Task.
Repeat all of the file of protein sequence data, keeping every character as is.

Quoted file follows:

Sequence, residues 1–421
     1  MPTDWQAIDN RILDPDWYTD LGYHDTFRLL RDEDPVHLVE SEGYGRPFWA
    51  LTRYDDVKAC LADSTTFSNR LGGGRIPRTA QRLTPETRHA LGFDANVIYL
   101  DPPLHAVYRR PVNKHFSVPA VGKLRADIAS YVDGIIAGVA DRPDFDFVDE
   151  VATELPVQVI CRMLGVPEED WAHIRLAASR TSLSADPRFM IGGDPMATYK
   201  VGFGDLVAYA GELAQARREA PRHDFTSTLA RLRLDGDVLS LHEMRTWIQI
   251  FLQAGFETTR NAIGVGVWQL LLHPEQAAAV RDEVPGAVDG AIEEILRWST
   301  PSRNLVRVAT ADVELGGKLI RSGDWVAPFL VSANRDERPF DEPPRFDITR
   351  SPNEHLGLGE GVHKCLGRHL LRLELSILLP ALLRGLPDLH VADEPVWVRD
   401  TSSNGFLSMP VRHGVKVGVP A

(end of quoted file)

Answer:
Sequence, residues 1–421
     1  MPTDWQAIDN RILDPDWYTD LGYHDTFRLL RDEDPVHLVE SEGYGRPFWA
    51  LTRYDDVKAC LADSTTFSNR LGGGRIPRTA QRLTPETRHA LGFDANVIYL
   101  DPPLHAVYRR PVNKHFSVPA VGKLRADIAS YVDGIIAGVA DRPDFDFVDE
   151  VATELPVQVI CRMLGVPEED WAHIRLAASR TSLSADPRFM IGGDPMATYK
   201  VGFGDLVAYA GELAQARREA PRHDFTSTLA RLRLDGDVLS LHEMRTWIQI
   251  FLQAGFETTR NAIGVGVWQL LLHPEQAAAV RDEVPGAVDG AIEEILRWST
   301  PSRNLVRVAT ADVELGGKLI RSGDWVAPFL VSANRDERPF DEPPRFDITR
   351  SPNEHLGLGE GVHKCLGRHL LRLELSILLP ALLRGLPDLH VADEPVWVRD
   401  TSSNGFLSMP VRHGVKVGVP A